This type of progression, with variations, has become a very successful conflict-model and has proven itself in numerous armed insurrections in Africa. Although not every revolution in Africa has been successful, many important lessons are evident – lessons that remain applicable to counter-insurgency students – regardless of origin.

It is only by knowing and understanding this progression of conflict that an effective counter can be designed and implemented.

Monday, February 6, 2012


The military strategy is an intelligence-driven, intellectual process that results in possible future or definite action.

The waging of war ie the implementation of strategy is conducted at four distinct yet inter-related levels. These levels are known as the levels of war and consist of:

1.      The political level
2.      The strategic level
3.      The operational level
4.      The tactical level.

The Political Level: Sometimes referred to as War by Political Means, this is the highest level of war and is often ignored by the military. Although the Grand Strategy or National Strategy is the highest level of strategy, the political level of war is, likewise, the highest level of war and is associated with political, economical and/or covert politico-military operations. Sometimes referred to as War by Political Means, it is the applying of political and/or economical sanctions against a country that is considered to be conducting unacceptable political practices. Likewise, financial sanctions aimed at wearing down or exhausting a country economically are further examples of war at the political level.  Other examples of the war at the political level include expelling of diplomatic staff, pressure to ensure international isolation of a threat country, international boycotts, international support to nationalist groups, and the conduct of highly-sensitive, high-level covert operations aimed at achieving a specific political goal and so forth. The conduct of highly-sensitive, high-level covert operations are usually deniable by the government. Where war at the political level may require discretionary warfare, these types of operations straddle the boundary between political and strategic level warfare yet remain highly sensitive and are usually deniable. War at the political level is ultimately aimed at bringing about a regime change without overtly committing the armed forces to direct battle.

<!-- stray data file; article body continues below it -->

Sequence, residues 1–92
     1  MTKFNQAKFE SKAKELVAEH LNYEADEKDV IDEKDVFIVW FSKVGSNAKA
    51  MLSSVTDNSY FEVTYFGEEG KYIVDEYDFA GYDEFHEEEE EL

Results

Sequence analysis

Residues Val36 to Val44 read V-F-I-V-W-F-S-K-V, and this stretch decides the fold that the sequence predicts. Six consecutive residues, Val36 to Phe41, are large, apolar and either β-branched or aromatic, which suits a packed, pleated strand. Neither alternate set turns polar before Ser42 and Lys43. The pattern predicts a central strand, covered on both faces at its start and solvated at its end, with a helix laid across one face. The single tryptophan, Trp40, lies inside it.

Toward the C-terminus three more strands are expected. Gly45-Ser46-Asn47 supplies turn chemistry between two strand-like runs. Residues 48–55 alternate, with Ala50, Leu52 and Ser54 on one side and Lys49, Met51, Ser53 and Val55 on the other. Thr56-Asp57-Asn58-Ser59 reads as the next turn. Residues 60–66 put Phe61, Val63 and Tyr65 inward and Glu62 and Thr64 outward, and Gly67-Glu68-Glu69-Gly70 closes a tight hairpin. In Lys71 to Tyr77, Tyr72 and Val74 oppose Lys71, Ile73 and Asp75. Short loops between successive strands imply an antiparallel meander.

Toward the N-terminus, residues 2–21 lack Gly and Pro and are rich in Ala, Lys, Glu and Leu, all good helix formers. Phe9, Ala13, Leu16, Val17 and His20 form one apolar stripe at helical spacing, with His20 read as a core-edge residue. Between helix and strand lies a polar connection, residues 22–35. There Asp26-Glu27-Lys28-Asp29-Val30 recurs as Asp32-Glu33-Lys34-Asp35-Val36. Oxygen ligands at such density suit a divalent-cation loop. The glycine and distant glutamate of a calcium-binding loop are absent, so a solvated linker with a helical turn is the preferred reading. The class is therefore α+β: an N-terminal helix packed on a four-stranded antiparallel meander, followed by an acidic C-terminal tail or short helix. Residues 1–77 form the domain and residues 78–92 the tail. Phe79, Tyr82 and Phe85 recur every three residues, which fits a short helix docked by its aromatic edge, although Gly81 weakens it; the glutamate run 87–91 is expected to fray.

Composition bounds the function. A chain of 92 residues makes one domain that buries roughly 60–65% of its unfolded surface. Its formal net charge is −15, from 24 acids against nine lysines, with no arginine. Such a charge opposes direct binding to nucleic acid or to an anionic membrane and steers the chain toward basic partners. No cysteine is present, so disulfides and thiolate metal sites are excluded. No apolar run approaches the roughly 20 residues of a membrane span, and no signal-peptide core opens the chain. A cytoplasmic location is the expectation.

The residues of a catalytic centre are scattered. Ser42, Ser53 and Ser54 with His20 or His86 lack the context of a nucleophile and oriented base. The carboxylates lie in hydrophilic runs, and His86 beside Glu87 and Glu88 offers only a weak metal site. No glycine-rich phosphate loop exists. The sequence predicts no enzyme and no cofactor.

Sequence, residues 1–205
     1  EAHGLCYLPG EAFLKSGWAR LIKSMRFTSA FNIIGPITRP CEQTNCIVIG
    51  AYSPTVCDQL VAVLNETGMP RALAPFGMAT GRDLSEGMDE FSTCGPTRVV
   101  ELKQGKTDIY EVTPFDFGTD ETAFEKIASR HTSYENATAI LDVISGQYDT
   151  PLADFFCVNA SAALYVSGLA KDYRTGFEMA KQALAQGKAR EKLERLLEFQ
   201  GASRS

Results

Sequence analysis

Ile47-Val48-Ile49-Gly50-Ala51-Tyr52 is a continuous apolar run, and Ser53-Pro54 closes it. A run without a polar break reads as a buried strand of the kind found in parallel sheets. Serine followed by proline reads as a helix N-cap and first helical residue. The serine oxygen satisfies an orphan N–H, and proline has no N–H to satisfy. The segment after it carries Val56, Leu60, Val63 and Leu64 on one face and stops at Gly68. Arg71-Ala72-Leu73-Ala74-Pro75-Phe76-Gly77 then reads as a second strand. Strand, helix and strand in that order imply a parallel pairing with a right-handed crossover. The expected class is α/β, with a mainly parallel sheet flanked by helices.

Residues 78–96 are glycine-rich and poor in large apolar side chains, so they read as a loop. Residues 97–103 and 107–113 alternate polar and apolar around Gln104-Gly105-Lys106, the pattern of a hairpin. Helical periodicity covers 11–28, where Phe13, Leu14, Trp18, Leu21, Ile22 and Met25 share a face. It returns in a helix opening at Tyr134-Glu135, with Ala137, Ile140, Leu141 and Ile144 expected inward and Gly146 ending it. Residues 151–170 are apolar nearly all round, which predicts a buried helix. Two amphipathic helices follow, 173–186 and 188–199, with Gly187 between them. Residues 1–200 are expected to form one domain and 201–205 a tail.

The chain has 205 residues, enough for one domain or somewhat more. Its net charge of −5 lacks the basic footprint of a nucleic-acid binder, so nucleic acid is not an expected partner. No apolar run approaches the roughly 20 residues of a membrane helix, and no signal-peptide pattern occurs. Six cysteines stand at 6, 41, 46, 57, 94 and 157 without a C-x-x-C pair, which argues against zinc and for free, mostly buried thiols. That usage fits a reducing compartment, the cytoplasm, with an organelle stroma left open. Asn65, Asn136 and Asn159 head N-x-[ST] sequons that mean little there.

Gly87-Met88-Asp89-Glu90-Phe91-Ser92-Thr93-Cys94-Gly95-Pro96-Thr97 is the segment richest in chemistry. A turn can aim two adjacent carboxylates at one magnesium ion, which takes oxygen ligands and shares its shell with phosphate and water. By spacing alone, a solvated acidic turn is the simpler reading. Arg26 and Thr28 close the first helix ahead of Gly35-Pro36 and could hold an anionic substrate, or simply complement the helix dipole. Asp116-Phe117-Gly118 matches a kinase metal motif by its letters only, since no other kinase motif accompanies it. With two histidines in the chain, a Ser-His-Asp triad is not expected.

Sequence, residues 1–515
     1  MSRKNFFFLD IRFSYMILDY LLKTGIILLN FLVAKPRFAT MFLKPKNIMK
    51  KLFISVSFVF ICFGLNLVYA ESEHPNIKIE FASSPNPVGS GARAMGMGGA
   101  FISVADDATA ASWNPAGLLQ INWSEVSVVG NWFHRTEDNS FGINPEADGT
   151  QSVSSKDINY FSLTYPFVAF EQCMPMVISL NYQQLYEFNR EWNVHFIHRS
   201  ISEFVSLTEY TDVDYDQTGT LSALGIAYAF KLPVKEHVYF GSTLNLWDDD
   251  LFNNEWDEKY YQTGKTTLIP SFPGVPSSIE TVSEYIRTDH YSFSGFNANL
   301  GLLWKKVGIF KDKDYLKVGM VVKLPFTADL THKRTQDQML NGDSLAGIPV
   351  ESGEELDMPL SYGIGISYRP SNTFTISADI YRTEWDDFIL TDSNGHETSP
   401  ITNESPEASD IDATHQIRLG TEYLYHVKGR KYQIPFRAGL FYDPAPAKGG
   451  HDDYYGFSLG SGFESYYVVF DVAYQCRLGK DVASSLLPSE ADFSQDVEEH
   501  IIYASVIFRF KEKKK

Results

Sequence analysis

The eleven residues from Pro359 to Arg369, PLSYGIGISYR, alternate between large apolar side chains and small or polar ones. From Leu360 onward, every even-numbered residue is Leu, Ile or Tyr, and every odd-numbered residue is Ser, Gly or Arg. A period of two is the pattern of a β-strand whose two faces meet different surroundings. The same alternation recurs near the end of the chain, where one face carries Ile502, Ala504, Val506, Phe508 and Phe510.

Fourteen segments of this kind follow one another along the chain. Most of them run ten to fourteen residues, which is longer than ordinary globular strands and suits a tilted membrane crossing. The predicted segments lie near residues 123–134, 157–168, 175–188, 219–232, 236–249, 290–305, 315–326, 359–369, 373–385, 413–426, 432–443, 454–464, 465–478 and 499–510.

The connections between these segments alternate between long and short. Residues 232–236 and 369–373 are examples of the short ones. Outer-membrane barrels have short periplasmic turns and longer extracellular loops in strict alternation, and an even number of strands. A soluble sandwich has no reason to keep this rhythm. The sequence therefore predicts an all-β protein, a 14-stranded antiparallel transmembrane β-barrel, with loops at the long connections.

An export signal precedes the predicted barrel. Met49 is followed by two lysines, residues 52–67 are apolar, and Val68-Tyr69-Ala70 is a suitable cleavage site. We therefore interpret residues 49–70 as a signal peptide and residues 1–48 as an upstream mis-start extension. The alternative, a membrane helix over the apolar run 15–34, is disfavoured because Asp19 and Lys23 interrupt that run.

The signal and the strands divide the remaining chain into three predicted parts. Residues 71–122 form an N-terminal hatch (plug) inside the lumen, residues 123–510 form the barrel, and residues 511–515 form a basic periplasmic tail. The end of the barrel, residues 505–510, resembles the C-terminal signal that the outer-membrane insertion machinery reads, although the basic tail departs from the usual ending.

The Strategic Level: At this level of planning, strategists and planners will ultimately be left with four definitive choices of how the government will want to resolve the situation. These are: 

·        Neutralising rebel or insurgent forces intent on usurping government support through violent means
·        Annihilating the opposing forces
·        Exhausting the opposing forces
·        Attrition of the opposing forces.

The threat, the terrain, Own Forces capabilities and the economy or support to sustain the war will determine how it will be fought at this level. Military operations conducted at this level are referred to as strategic warfare. War at the strategic level will encompass either distant or close strategic offensives as well as strategic defensive warfare.  Strategic defensive warfare can take the form of conventional, unconventional and semi-conventional operations and can include long-distance offensives, cross-border raids (sanctioned or not sanctioned) and Counter Insurgency (COIN) operations.

The Operational Level: War at the Operational Level is aimed at achieving the strategic military objectives through a series of battles and/or campaigns, conventional or otherwise, aimed at achieving the theatre objectives and can last for weeks, months and even years. These actions are not restricted to operations beyond the borders of the country but may unfold nationally as well.

The Tactical Level: At this level of war, short term engagements are fought between Own Forces and the enemy utilising Tactics, Techniques and Procedures (TTPs) as the foundation of the engagements.

It is at the levels of war that the strategy unfolds via the approved military strategy, commander’s intent, designs for battle, operational plans and action. However, a lack of sound intelligence will result in weak or poorly executed strategies that may bring about a collapse of the government or a defeat of the armed forces.

Prematurely extricating the armed forces from operations that have been poorly planned and executed may lead to grave embarrassment of the state and a decline in regional and international respect. In turn, this may adversely impact on both the security of the state and even the tenure of the government.